If you are passionate about teaching, then Hackberry offers you franchise opportunities to turn this passion into your profession!
Losing my dad has made me realize that when someone you love dies, you don’t just have to say goodbye to them at the time they pass.
The day my Baba took his last breath, I lost my voice.
I knew he was dying, but I didn’t realize it would be his goodbye. I never talk about my Baba’s death. Whenever I do, I go numb. I lost him when life was going perfectly.
June 7, 2019. It was their 33rd marriage anniversary. I had just scored my dream job 15 days ago, my sister was 7 months pregnant and everything was smooth. But suddenly, this happened.
I was lost, I was devastated, for a long time. I simply could not accept his death. How could this happen? We were so happy, everything was so perfect till yesterday. He couldn’t have left us behind like this. I remember that day at the hospital I told my mother that I’d like to perform the last rites of my Baba. My relatives were supportive, and told me they would not oppose it.
For the first time in my life, I went to the shamshaan ghat – to cremate my father. I did everything that a son would do in our culture. I categorically told Panditji that he must not hesitate in making me do the rites properly. That day I realized Baba wasn’t there anymore to make up excuses for me or help and support me in whatever way possible. He was gone and I found myself responsible in this big bad world overnight.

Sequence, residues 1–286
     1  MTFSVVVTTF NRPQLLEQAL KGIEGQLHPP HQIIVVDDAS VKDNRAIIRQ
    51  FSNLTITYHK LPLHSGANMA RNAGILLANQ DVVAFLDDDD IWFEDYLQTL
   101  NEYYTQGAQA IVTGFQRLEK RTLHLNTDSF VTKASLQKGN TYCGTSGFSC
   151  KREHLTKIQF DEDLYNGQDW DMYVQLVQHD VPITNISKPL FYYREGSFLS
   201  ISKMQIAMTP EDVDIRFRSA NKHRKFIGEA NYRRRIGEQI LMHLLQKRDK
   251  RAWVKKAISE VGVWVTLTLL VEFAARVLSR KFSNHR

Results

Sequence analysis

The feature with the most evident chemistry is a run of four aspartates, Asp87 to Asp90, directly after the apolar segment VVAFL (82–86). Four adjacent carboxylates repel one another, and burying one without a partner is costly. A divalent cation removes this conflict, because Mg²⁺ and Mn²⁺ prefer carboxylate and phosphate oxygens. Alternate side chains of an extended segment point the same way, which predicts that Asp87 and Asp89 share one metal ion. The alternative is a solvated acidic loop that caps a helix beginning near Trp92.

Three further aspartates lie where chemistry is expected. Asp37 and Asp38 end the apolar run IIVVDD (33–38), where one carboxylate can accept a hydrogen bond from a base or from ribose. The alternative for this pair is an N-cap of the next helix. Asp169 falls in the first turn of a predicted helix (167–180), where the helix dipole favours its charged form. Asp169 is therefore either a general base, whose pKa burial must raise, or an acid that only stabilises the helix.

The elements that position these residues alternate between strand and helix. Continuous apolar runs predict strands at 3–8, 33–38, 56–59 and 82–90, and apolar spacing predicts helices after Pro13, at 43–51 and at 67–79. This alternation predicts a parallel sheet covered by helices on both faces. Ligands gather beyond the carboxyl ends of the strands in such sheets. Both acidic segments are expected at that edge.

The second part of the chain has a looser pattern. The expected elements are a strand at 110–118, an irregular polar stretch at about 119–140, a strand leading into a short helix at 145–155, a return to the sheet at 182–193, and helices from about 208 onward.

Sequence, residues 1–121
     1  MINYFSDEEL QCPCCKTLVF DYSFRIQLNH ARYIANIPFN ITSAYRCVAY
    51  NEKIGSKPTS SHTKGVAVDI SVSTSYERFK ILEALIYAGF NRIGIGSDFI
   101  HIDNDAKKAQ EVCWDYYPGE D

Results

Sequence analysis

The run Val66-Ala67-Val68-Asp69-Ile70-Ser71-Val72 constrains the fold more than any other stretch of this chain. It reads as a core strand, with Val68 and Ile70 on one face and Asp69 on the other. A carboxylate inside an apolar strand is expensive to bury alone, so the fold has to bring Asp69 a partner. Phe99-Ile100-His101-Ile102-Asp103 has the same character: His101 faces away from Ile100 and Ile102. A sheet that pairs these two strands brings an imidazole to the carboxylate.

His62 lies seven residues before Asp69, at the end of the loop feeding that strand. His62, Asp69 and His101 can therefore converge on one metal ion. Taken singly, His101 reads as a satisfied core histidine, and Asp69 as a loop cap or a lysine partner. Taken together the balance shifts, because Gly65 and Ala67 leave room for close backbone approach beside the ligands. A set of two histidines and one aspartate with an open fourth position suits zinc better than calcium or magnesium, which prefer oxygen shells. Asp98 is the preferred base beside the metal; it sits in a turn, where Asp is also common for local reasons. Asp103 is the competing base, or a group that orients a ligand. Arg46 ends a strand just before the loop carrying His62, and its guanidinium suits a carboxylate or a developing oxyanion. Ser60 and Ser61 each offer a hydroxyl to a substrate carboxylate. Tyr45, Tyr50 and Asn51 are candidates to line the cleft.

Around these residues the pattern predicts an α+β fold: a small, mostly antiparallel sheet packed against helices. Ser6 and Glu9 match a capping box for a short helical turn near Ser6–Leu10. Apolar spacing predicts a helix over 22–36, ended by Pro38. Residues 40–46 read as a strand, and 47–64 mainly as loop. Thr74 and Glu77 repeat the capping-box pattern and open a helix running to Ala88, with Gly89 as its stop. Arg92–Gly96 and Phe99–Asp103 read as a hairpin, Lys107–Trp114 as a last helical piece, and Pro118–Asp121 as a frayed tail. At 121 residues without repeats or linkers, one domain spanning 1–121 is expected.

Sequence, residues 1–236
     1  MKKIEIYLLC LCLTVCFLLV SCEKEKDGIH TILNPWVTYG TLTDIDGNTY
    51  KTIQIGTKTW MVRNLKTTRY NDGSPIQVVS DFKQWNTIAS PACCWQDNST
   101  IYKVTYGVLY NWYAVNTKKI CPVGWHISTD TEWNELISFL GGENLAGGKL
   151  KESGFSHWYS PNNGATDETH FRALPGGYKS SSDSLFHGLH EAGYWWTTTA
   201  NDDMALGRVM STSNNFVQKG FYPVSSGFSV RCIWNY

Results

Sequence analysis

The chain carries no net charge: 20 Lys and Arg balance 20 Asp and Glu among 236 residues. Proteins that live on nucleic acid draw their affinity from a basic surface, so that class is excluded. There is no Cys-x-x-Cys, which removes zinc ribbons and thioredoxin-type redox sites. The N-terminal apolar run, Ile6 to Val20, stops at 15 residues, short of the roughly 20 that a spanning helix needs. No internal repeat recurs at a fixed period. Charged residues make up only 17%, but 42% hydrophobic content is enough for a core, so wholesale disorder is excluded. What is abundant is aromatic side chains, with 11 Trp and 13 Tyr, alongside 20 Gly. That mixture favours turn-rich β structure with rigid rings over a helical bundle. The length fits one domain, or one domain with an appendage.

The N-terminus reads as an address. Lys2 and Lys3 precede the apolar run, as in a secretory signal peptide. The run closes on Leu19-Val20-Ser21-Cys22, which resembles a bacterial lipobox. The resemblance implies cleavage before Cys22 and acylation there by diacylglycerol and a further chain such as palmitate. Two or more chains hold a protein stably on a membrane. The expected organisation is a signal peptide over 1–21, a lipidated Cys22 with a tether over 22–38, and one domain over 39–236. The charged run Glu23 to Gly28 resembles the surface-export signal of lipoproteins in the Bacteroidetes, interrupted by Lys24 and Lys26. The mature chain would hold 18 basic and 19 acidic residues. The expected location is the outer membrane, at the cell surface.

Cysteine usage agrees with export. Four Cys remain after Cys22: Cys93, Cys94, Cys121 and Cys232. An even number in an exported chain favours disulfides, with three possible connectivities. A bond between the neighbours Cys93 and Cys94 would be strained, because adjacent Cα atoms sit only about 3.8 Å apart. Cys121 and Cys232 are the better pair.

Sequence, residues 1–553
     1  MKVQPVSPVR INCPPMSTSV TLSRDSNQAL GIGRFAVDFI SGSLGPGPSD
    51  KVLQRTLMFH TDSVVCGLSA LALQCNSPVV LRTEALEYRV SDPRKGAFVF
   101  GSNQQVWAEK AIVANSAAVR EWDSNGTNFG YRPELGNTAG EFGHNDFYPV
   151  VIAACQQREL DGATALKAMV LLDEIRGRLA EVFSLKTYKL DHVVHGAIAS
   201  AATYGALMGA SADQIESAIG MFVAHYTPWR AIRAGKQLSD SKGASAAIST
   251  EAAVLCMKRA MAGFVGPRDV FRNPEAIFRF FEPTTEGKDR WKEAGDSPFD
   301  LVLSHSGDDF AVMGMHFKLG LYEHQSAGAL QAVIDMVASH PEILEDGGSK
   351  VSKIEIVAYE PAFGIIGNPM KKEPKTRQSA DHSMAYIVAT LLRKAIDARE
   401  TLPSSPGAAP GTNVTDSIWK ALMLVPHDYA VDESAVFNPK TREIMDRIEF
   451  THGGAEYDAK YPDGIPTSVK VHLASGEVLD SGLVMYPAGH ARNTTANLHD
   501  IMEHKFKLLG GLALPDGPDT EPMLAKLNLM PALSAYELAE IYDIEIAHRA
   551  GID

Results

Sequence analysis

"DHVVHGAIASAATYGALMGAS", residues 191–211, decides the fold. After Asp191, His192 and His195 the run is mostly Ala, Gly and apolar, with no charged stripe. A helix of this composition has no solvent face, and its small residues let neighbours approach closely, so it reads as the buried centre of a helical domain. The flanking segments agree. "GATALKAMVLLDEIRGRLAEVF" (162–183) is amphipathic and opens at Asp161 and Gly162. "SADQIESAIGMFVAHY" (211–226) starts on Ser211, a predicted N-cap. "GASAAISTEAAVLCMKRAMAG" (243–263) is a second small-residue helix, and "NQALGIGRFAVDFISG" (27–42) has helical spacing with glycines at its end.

I had to take care of my mother.
My way of coping was to be by myself and just contemplate on what death was and how I would live my life without a father, going forward.
I still get flashes of him every time I hear someone say “Dada Bhalo!” just the way Baba used to greet people in passing. And when I hear a song that he used to sing, I suddenly realize that the only way I will ever hear his beautiful voice again is in my dreams. Sometimes I’m reminded of the happy, healthy times, but more often than not, I get dreams of the darker days that make me realize that I’m still grieving.
However, this is my reality today. And that’s life. Losing my Baba to death has taught me many lessons. Recently, one of my friends lost his father, and I reached out to share my condolences, which of course consisted of “I’m so sorry for your loss. You‘re in my thoughts. Let me know if you need anything.” But then I thought about what I would’ve wanted to hear when my Baba died and followed up with, “Nobody talks about how much this hurts. We are supposed to be okay and strong enough to handle this because we are adults, but you don’t have to be. This sucks and hurts like hell. I know because it happened to me.”
I’ve come to realize that when someone you love dies, you don’t just have to say goodbye to them at the time they pass. Moreover, you can think about them at every crossroad too. I’ve discovered that there are uncounted firsts and tough moments to get through. Not just the obvious ones like holidays and big events, but many others that are equally if not increasingly challenging to struggle through under the heavy wrap of grief.